The famous drumsticks moringa contain all nine essential amino acids that humans should only be taken from your diet. Often, the sticks are cut into logs, boiled, and divided into three parts along. The fibrous bark is inedible- it is the pulp and seeds soft gelatin are sought. These can be scooped or scraped by the teeth.
Hidden in the sticks are even more remarkable seeds. Loaded with protein, also they contain no special toxic polypeptides that act as natural filters Brita. When a powder and mixed with water, causing clumping and sediments settle. Then when strained through a cloth, which provide cheap access to clean water. Surprisingly, only two seeds are sufficient to purify a dirty liter.
“It has been widely used at the village level in Africa to transform the river water in drinking water,” shared Foidl. “I planned to work with the seeds of a plant for wastewater treatment in Nicaragua (4,000 wastewater). It was really 99.5% removal efficiency of turbidity in 30 minutes.”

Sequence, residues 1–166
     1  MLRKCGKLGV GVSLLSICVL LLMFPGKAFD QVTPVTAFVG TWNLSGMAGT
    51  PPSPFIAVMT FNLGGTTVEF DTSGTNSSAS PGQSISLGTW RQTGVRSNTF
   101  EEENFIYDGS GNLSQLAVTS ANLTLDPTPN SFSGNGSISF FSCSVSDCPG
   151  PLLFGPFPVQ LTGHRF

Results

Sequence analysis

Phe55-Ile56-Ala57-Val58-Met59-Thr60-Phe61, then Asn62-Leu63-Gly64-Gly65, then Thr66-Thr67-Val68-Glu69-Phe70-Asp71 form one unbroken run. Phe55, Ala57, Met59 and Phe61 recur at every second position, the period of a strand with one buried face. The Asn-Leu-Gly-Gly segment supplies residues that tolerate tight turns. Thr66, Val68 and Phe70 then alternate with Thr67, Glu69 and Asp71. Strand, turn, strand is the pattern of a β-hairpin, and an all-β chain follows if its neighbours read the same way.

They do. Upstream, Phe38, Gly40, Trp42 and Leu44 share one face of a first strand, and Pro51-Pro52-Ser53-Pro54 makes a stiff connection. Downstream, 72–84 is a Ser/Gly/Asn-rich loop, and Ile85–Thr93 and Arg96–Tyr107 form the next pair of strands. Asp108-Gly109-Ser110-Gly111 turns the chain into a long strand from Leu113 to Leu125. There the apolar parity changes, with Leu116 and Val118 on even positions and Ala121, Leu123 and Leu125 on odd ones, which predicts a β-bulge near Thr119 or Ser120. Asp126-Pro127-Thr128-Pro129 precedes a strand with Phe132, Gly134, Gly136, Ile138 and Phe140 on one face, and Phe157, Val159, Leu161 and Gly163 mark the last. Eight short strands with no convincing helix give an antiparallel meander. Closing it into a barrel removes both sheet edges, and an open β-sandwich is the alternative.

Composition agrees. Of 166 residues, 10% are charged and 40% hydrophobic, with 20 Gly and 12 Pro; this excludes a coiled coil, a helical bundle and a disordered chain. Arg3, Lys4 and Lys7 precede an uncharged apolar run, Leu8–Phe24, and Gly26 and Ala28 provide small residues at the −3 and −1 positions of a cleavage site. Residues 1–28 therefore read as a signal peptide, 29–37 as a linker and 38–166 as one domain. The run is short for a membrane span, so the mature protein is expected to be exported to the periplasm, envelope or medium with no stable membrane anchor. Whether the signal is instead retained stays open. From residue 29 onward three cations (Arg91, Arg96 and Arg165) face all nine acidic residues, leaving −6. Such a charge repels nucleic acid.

A in turn, the seeds themselves produce a yellow oil valuable called ben oil. Sweet, clear and odorless, not easily-perfect for perfumes, cosmetics, and lubrication to decompose. It has also found use in cooking because of their high levels of healthy unsaturated fats.
For such a versatile tree, which is almost hard to believe that the moringa is easily grown from seeds or cuttings. Foidl said: “It grows almost better than the sauce.”